The changing natural world at our doorsteps | Illustration and text by Patterson Clark
November 17, 2009
Surges in Web searches for starlings
At sunset, Washington commuters can often look up to see a surprising swarm: huge flocks of starlings, swirling over office buildings and into trees. Apparently, many of these commuters go online when they get home and investigate. The Googling public's interest in European starlings seems to peak when the birds are breeding in the spring and flocking in the autumn. This fall's record of searches reveals a sharp spike in human interest.*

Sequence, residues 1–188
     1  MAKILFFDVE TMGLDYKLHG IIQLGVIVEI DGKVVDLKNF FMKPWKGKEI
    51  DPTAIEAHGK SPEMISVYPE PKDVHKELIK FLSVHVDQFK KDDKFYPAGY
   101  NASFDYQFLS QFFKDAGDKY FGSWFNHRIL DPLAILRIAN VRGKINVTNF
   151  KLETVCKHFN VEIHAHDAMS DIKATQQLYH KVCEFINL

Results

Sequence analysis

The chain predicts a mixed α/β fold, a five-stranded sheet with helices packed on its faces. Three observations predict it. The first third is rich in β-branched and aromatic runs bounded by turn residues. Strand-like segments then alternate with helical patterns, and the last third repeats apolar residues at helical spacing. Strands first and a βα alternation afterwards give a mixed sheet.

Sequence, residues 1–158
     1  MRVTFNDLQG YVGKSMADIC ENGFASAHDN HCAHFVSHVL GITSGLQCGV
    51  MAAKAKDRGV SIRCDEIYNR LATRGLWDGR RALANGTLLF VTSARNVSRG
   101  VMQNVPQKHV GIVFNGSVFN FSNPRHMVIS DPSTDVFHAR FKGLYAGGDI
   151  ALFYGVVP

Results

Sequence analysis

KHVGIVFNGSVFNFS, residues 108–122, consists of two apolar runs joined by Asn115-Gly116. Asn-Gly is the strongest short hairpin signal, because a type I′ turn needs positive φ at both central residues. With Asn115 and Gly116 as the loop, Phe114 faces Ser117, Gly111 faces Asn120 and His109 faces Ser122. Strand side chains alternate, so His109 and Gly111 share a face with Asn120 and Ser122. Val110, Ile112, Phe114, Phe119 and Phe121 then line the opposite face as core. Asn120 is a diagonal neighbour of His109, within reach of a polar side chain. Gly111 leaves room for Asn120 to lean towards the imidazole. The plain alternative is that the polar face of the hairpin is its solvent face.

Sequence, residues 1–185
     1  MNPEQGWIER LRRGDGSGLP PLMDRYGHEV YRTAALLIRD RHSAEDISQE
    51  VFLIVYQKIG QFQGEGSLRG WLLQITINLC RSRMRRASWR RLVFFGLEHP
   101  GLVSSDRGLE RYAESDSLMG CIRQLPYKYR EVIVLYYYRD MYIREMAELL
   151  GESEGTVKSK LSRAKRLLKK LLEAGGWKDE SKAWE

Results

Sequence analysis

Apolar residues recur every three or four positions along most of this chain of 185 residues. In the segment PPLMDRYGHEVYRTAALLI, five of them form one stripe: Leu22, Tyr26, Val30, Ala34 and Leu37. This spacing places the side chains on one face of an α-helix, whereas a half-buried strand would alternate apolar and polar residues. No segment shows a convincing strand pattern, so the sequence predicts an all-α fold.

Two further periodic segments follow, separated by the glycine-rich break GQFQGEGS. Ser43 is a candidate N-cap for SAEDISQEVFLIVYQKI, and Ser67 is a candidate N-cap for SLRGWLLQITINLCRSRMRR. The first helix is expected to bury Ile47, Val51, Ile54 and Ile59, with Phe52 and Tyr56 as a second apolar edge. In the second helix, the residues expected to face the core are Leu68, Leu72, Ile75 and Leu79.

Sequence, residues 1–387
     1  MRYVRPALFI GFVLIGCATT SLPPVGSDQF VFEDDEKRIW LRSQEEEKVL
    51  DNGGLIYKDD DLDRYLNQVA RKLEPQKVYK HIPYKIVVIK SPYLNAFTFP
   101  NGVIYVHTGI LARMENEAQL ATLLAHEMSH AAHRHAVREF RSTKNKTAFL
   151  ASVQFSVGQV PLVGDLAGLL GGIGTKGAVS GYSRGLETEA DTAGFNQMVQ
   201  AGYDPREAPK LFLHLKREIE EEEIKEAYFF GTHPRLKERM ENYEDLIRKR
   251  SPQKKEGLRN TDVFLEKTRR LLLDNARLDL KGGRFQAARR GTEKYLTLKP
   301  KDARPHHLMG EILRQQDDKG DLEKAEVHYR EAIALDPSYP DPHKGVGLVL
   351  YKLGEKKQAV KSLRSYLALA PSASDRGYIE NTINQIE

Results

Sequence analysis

Introduced from Europe in 1890, starlings have advanced across North America, out-competing native birds for nest cavities and causing $800 million a year in agricultural damage. Studies by the USDA indicate that starlings are capable of spreading a host of diseases to livestock and humans.
SOURCES: Google Insights for Search; USDA; Keith L. Pardieck, Patuxent Wildlife Research Center; British Trust for Ornithology